French Greens campaign on the ‘Europe of solutions’

Three main EELV candidates: Mohamed Mechmache, Eva Joly, and Pascal Durand. []

In the lead up to the European elections, France’s Greens are focusing on water and air quality, issues that can only be solved at the European level. EURACTIV France reports.

At their campaign launch in Paris, the Europe Ecology – The Greens (EELV) presented its candidates for the European Elections.

Pascal Durand leads the list, followed by Éva Joly, their current MEP. In third is Mohammed Mechmache, a self-proclaimed “spokesperson for deprived areas”.

“We want to separate the local elections from the European elections, because we know that most of the French political class will nationalise the European debate in order to bring Europe into the national framework. On the contrary, EELV does not want to let the national debate pollute the European debate” said Pascal Durand.

Respecting European Norms

EELV invited journalists to measure the quality of air over Paris in a hot air balloon, and then held their conference on a barge. These two locations symbolise the objectives of the political party, namely to focus European dialogue on improving the quality of its air and water.

Durand explained that “we wanted to start this campaign around two main issues: the quality of air and the quality of water. This is why we chose to use a hot air balloon and hold the conference on a barge. Europe cannot be used as a scapegoat on either of these issues, as it has the solutions!”

The environmentalist candidate calls on France to respect European environmental norms regarding air and water quality.

“If France respects the European norms, we will not be punished, as so many have demanded. However, France prefers to be condemned than to pursue polluters and implement the polluter/payer principal” says Durand.

MEP Éva Joly also promised to continue her fight against tax havens and to protect personal data: “It is with much enthusiasm that I begin this campaign, because it is important to solve today’s problems at a European level. If I am reelected, I intend to continue my fight against tax havens and surveillance, which is a fundamental issue for our liberty.

Civil society in the EELV list

“We will be the only list for the European elections which has three candidates from civil society,” explained Pascal Durand.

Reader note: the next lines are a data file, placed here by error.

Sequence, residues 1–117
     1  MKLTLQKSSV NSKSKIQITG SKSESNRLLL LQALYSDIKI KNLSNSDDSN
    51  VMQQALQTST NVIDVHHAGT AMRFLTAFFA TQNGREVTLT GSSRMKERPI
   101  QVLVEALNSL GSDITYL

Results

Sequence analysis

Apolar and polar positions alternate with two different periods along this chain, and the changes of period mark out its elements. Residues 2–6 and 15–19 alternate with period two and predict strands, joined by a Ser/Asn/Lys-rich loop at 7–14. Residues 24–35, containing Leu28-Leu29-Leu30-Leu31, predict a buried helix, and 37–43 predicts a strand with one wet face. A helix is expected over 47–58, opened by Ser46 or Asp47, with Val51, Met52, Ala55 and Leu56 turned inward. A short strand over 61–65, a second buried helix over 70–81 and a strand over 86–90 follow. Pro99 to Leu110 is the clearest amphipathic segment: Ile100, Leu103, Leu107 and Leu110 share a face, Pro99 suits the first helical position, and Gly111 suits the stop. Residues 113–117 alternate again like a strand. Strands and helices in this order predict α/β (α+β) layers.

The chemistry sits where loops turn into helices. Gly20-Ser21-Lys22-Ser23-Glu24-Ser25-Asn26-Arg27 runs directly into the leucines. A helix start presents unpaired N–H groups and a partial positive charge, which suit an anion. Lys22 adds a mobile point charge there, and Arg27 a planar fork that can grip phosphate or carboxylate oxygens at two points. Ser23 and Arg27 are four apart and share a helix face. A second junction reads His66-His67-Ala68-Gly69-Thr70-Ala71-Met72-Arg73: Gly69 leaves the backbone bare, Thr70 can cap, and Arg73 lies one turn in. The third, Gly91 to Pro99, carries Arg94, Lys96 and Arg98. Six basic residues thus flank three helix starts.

Indeed, three candidates are not politicians.

Mohamed Mechmache, who is the founder of a youth association, “spokesman of deprived areas” and advocates a Europe for the young, claims that the EELV candidates have an important role to play as members of civil society, and that “ecology is a question of solidarity, and I want to give the youth of deprived areas a greater say”.

Candidate Nathalie Laville wants to mobilise more of civil society on environmental health issues and restore the importance of whistle-blowers.

Finally, Pierre Serne represents civil society as a leader of the LGBT movement, and member of the regional council. He argues that air quality will be at the heart of the next European elections due to the high levels of air pollution from transport.

The next European elections will take place between 22 and 25 May 2014. They will be the first to take place since the Lisbon Treaty, which increased the power of the European Parliament in the process of nominating the president of the European Commission.

In France, candidates for the European elections are numerous. Political parties need only present lists of 20 candidates (10 candidates and 10 deputies). In other countries like Germany, the parties need to receive a significant number of signatures to validate a candidate.

  • 8 April: Lauch of EELV campaign
  • 22-25 May: European elections

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